On July 20, 2014, Klaus Schmidt, a German archaeologist died at age 61. He will be remembered as the archaeologist who literally changed the way the history has been interpreted. He was heading one of the greatest archaeological digging in human history: Gobekli Tepe (means “hill with a belly” in Turkish).
I did not have a chance to visit Gobekli Tepe. It has been on top of my list of places to see, but I did not manage to join a tour there. I just want to write briefly about this ancient place that raised many questions about human settlement, domestication,beer making (!), catastrophes that changed history, Adam & Eve, Garden of Eden, and religion. And this ancient place is about 7000 years older than the Great Pyramid in Egypt and the 6500 years before the Stonehenge in England, 6000 years before the creation of the writing, and 1000 years before the Walls of Jericho.
Since I have not visited this place, Fatih Cakaci, a great guide from HTR Travel in Cappadocia, lent me his photographs that he took when he visited Gobekli Tepe. And he said “it is an unbelievable place. It is breathtaking.” That is exactly what National Geographic Magazine, June 2011, writes: “…the visitors straggle up the hill. When they reach the top, their mouths flop open with amazement, making a line of perfect cartoon O’s. Before them are dozens of massive stone pillars arranged into a set of rings, one mashed up against the next.”
Now, I imagine what my reaction would be when I look at this marvelous and very important discovery: Gobekli Tepe, a mere 10 miles away from the city of Sanli Urfa (very ancient city believed to be the Ur of Chaldeans where the Prophet Abraham was born), and a few miles away from the archaeological sites such as Gurcutepe that dates back to 8000 BCE, is the site for the oldest temple known to the mankind.
And this temple is believed to be 12,000 years old, the oldest parts are from the 10000 BCE and the newest ones are from the 8600 BCE. Imagine, stone age people were at this site for about 1400 years and kept building temple after temple, piled up on a heap as the centuries passed and formed this hill waiting to be excavated in 1996.
Before Schmidt, there were other archaeologists that visited the site and assumed the site was a Byzantine burial grounds. When Klaus Schmidt heard about this report and other findings of flint shards by a shepherd, he visited the site in 1994 and knew immediately (by the magnitude of the cut limestone pieces scattered around and the shaped flint stones), that he would be at this site for the rest of his life. Unfortunately, his life was cut very short.
Before Gobekli Tepe’s discovery, historians used to think that agriculture and domestication of animals started the settlements which then gave rise to cities and later to religion, art, and writing. After his initial excavations, Klaus Schmidt started to believe that the neolithic revolution came as a result of the need to feed hundreds of hunter-gatherer people working to build such a great temple and thousands of hunter-gatherer people visiting the temple to worship year after year. Locally available food sources including wild animals and wild grains probably got depleted quickly. This forced people to be creative and start domesticating animals and wild grains (especially wheat and rye) which started the human settlement.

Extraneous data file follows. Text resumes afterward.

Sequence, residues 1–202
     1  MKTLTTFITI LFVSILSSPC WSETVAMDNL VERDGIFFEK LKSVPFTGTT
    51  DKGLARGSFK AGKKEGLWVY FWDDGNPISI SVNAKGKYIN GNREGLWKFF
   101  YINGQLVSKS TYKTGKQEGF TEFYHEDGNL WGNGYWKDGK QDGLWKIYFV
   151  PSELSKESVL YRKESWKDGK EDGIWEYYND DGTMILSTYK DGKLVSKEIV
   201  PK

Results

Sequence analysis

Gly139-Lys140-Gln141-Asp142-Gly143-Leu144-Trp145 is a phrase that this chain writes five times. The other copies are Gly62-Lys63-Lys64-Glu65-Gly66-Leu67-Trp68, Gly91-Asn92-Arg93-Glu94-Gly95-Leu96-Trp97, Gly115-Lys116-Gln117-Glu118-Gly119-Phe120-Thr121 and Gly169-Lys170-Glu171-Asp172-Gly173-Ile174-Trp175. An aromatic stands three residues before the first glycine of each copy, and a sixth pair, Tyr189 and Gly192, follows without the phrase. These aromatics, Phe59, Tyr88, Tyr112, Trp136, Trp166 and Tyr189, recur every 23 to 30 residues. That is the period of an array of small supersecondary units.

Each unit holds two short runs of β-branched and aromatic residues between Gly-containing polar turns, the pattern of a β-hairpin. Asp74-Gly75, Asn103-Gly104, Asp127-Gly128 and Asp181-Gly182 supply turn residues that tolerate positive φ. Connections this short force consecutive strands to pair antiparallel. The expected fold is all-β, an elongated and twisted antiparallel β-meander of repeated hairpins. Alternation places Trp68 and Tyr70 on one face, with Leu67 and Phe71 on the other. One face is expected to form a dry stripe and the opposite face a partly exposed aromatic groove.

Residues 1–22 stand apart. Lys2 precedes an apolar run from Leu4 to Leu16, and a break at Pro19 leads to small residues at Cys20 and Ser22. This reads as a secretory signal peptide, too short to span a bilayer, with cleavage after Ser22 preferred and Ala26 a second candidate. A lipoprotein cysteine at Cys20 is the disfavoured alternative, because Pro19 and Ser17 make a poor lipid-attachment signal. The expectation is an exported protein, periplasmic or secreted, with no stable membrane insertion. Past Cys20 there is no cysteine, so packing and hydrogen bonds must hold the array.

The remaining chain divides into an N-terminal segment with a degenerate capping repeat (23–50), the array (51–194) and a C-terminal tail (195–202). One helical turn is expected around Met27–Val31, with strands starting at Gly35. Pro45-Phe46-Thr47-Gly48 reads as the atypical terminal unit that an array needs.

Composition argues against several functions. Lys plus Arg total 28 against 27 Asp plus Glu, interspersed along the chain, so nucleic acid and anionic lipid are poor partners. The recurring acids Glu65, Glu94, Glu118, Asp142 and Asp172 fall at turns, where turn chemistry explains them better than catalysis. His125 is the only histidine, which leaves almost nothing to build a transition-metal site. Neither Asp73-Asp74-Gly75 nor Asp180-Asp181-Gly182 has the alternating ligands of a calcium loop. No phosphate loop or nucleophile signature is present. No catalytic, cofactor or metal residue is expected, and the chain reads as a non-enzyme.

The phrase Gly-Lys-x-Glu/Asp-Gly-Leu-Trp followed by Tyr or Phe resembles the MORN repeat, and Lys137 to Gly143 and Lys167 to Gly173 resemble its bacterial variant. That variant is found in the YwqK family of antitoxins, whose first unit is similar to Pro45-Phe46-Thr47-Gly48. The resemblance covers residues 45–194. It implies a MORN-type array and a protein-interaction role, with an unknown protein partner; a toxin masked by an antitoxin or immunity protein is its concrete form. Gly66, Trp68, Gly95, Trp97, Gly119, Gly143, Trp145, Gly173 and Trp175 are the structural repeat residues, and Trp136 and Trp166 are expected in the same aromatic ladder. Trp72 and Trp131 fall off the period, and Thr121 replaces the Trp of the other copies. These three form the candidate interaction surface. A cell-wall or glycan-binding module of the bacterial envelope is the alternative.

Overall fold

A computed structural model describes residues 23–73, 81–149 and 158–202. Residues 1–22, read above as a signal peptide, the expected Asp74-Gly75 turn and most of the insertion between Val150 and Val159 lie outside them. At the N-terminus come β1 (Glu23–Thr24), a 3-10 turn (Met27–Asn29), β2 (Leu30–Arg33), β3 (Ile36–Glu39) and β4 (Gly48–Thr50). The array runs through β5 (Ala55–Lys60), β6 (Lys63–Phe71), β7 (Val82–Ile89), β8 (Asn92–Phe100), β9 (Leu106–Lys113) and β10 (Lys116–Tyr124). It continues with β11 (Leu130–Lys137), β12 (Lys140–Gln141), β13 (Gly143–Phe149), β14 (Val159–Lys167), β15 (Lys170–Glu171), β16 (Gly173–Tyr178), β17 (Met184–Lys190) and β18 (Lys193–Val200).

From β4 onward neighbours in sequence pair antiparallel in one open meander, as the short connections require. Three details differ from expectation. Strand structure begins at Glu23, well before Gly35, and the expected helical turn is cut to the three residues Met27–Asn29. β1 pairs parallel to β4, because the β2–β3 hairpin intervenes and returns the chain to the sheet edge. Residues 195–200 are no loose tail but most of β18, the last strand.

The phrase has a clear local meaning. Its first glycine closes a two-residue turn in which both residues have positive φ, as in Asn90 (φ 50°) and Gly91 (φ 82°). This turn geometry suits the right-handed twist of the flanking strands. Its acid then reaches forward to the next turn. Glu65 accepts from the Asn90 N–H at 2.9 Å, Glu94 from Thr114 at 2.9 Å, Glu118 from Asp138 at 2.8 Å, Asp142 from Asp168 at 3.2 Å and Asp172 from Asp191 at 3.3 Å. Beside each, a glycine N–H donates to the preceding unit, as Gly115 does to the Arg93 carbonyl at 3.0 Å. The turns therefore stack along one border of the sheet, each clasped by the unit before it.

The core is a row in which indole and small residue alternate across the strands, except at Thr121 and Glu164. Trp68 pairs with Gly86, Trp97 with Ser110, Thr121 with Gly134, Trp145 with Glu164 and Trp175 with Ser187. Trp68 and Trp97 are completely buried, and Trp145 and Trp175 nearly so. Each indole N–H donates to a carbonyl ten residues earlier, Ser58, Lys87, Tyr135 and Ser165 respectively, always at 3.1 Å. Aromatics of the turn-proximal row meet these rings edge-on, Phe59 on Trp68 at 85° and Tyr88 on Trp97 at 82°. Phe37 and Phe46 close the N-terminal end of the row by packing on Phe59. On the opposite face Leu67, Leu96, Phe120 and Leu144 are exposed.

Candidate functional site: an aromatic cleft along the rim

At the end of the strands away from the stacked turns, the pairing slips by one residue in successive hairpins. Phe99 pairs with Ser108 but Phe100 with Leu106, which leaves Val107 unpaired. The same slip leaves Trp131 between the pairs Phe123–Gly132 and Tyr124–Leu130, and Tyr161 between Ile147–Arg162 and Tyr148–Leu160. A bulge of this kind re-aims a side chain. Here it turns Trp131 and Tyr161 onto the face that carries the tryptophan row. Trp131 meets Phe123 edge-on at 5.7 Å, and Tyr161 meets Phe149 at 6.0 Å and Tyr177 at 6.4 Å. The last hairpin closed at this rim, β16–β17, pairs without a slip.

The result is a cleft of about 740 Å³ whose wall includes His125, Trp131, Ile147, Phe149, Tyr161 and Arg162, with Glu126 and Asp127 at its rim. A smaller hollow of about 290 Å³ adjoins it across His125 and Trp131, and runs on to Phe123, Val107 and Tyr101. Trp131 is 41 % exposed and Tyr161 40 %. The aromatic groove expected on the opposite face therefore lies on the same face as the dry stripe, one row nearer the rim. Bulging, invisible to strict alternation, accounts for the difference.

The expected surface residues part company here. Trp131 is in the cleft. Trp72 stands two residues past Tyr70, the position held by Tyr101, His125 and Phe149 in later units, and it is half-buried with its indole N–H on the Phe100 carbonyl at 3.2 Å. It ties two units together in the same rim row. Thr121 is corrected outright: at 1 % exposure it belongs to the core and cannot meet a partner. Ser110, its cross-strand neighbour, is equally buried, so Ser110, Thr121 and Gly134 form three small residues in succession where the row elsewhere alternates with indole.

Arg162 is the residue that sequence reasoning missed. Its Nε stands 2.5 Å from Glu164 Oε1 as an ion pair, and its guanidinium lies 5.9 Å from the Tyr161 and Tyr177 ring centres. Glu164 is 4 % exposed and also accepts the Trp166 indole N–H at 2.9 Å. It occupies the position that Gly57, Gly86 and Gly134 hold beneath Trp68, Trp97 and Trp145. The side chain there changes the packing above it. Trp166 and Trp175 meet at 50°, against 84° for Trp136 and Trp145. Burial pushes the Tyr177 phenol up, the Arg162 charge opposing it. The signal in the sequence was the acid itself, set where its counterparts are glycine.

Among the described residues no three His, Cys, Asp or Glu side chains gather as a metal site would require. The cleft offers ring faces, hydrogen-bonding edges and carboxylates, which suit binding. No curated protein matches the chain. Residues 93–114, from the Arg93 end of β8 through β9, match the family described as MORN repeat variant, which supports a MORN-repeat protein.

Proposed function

At a nearby archaeological site of a prehistoric village, Nevali Cori (now underwater due to a dam built in the area), a mere 20 miles away, genetic evidence of the world’s oldest domesticated strains of wheat were found which dates back to five centuries after Gobekli Tepe’s first temple construction.
In short, the urge to worship started civilization.
The partial excavation (now about 5% of the 22 acres site) reveals dozens of pillars arranged into a set of rings. The pillars are carved from limestone and covered with bas-reliefs of animals – foxes, wolves, gazelles, hyena, snakes, boars, scorpions, arachnids, cranes, vultures, flamingos, and flightless birds. Some pillars reach 18 feet high and weigh 5 tons. It looked like every few decades, people either buried the existing rings and built new rings or they built smaller rings inside the existing rings. As the centuries passed, the structures were built with less care and they were smaller. And by 8200 BCE, they stopped building and left the area.
““This shows sociocultural changes come first, agriculture comes later,” says Stanford University archaeologist Ian Hodder, who excavated Catalhoyuk in Turkey, a prehistoric settlement 300 miles from Gobekli Tepe. “You can make a good case this area is the real origin of complex Neolithic societies.”” Smithsonian Magazine, November 2008.
I will write more about Gobekli Tepe in the future. I probably just scratched the surface of what it is, I still have a lot to learn, such as the excavation of the oldest (about 12000 years old) life-size human statue found in Balikli Gol, near Gobekli Tepe, carved from limestone with obsidian eyes.
I will end this post with one more statement: There is evidence of beer brewing at Gobekli Tepe! (Tia Ghose, NBC News, December 31, 2012)
For detailed reading, I definitely recommend:
Gobekli Tepe: Genesis of the Gods, The Temple of the Watchers and the Discovery of Eden, by Andrew Collins, 2014.(Collins proposes that Gobekli Tepe was probably built after a global catastrophe of a large comet striking the earth triggering a mini ice age destroying lands and people around 10,900 BCE.)